In late 1992, Gordon Brown was emerging as a heavy-hitting senior politician and the scourge of the Conservatives. Unemployment had risen strongly through the “Tory recession” of 1990 to 1992, although the pain was not severe enough to give Labour its expected election victory in April 1992. Most forecasters believed unemployment would climb above the symbolically important three million level, as it had in the 1980s. Brown certainly did and, while falling short of a promise to eat his hat if it did not, was left with egg on his face when instead of continuing to rise the total began to fall. The “jobless recovery” gave way to a period of employment growth that continues to this day. Employers were not as gloomy as the politicians and pundits.

Brown got his own back on the Tories and most economists a few years later. Ahead of Labour’s 1997 election victory and the introduction of the national minimum wage, most economists thought it would lead to higher unemployment. Michael Howard, leading the charge for the Tories, said it would destroy two million jobs. Employers in certain sectors, particularly retailing and catering, warned of the dire consequences of the policy.

As far as it is possible to tell, however, the minimum wage has had a negligible impact on jobs or, if it did, the effect was swamped by that of a generally strong job market. The direst of the predictions were based on the belief that workers further up the income scale would seek to maintain differentials with those benefiting from the minimum wage. That has not happened.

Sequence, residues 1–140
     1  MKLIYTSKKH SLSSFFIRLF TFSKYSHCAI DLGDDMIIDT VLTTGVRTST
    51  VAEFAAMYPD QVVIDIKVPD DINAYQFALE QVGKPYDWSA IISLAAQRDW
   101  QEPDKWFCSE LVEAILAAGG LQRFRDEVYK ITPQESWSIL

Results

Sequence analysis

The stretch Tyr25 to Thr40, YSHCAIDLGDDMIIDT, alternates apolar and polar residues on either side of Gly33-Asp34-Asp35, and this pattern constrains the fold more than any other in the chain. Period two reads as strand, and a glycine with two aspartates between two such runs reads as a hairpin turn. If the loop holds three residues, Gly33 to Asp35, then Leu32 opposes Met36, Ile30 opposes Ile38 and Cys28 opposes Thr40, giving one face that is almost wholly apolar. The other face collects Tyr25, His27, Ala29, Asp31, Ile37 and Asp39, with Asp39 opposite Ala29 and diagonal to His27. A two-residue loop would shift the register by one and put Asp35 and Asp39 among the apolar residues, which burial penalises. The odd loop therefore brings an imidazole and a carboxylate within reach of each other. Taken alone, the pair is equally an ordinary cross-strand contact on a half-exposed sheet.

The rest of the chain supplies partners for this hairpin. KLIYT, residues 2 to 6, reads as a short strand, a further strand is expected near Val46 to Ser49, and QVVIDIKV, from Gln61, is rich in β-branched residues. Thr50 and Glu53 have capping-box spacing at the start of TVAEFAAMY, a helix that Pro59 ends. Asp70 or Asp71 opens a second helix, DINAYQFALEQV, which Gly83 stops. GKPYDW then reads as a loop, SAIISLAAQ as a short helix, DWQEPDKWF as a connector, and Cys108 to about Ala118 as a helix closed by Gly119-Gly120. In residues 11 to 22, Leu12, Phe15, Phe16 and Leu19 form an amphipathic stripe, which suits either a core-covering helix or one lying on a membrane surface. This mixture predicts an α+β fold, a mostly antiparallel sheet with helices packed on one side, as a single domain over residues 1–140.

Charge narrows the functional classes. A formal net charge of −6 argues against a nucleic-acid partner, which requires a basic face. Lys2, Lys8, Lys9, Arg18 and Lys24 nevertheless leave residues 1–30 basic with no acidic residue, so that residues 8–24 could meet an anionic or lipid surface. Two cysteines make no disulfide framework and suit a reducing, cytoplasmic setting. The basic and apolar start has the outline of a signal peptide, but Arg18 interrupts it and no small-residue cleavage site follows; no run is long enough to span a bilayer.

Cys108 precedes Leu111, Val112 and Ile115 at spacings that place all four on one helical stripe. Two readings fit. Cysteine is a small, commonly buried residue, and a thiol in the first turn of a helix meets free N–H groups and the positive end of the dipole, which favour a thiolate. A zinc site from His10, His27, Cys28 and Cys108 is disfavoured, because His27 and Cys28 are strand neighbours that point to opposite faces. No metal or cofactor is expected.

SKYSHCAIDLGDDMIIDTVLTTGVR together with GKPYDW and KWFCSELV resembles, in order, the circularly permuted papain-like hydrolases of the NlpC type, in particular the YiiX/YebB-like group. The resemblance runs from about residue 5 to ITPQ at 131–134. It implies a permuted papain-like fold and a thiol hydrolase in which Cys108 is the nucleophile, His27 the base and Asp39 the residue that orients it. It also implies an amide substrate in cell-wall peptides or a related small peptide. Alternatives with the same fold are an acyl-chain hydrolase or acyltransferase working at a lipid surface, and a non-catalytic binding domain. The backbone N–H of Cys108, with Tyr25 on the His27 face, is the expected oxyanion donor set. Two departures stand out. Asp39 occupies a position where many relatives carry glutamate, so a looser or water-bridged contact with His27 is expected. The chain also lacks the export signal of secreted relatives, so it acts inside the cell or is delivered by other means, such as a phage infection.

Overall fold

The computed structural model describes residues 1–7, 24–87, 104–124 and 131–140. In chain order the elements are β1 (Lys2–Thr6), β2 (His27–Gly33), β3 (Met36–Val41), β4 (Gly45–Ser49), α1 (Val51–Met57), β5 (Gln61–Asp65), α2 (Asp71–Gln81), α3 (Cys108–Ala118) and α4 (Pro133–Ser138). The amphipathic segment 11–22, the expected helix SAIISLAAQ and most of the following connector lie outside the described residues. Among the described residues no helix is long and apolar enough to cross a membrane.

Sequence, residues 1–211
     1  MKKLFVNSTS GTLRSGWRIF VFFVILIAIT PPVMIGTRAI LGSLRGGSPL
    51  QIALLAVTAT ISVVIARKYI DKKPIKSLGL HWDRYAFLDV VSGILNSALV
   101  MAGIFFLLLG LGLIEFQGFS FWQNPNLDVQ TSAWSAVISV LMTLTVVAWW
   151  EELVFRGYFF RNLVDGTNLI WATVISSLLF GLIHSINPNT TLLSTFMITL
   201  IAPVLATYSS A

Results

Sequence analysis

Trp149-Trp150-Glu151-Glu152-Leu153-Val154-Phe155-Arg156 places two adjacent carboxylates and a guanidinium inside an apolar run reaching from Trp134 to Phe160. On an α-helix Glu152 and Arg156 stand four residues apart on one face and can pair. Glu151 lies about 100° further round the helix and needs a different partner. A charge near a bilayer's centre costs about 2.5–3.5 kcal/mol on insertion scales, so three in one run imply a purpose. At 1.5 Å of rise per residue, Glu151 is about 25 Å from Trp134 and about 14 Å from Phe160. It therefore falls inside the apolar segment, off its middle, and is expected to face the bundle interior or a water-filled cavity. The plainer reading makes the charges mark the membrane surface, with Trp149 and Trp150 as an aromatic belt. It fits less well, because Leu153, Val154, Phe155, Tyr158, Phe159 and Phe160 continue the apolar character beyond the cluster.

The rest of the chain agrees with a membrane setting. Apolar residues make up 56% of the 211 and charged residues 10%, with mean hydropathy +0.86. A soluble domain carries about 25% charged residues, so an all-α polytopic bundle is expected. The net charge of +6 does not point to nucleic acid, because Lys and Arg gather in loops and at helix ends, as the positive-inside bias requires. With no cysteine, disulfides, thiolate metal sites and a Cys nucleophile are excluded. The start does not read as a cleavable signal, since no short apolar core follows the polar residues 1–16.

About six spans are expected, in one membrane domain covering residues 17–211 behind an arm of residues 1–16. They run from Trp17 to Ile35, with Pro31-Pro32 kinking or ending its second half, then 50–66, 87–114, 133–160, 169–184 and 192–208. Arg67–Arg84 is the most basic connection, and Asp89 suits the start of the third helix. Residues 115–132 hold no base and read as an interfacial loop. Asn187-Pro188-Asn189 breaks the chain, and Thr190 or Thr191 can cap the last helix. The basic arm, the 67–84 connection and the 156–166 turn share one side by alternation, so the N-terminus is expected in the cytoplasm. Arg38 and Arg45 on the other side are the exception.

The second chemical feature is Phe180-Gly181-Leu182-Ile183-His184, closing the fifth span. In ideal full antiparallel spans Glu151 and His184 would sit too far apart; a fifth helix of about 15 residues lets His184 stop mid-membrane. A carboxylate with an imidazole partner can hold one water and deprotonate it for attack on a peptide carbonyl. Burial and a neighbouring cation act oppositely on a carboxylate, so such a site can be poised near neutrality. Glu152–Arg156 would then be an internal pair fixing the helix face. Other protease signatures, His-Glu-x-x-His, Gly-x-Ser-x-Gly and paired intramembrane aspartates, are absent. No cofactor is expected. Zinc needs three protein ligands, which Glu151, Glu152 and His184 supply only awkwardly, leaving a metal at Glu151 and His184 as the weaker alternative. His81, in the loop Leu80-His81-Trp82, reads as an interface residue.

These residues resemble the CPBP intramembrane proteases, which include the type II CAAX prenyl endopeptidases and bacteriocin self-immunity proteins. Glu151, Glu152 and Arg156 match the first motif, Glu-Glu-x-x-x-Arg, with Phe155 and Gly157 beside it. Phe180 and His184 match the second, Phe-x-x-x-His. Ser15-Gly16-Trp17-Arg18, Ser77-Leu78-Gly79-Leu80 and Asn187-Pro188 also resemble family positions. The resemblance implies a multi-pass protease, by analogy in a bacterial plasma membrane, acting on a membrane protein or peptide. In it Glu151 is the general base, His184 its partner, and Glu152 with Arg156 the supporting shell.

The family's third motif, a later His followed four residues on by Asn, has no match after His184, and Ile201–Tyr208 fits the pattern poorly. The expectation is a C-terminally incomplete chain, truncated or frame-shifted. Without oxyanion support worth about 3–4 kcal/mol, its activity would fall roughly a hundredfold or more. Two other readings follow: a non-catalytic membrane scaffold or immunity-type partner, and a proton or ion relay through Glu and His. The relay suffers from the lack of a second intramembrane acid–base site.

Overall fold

On a more fundamental level, few of us expected the steady fall in unemployment that has characterised Labour’s period in office. And in many ways we were right to be sceptical.

“Any structural break in behaviour can make models based on past relationships unreliable,” says Philpott. “Having observed the unusually early shakeout of jobs and associated strong productivity growth when the UK economy went into recession in 1990-91 – interpreting this as a sign of a more flexible ‘hire and fire’ labour market – I expected a similar response and some rise in unemployment when the economy slowed in the late 1990s. In the event, unemployment continued to fall, mainly because employers preferred to hoard rather than fire staff in what by then was a relatively tight labour market.”

The job market has also caught out economists in another way. For years an essential weapon in their armoury was the notion of a certain level of unemployment at which wage settlements, and therefore inflation, would start to take off. This, the clumsily named non-accelerating inflation rate of unemployment (Nairu), was thought to be 7 or 8 per cent of the workforce, two million or more on the wide Labour Force Survey jobless measure. But unemployment has come down to 5 per cent on the LFS measure, and under 3 per cent on the claimant count (meeting the traditional definition of full employment), without triggering a new bout of inflation.

“This version of doom and gloom again proved wrong,” says Philpott, “though there are still disputes as to whether the Nairu theory was wrong, the Nairu was below two million to start with, or whether it has since fallen.” On such matters big decisions can rest. The Bank of England, in the early days of independence after 1997, was convinced that unemployment was getting close to levels at which inflation problems would re-emerge.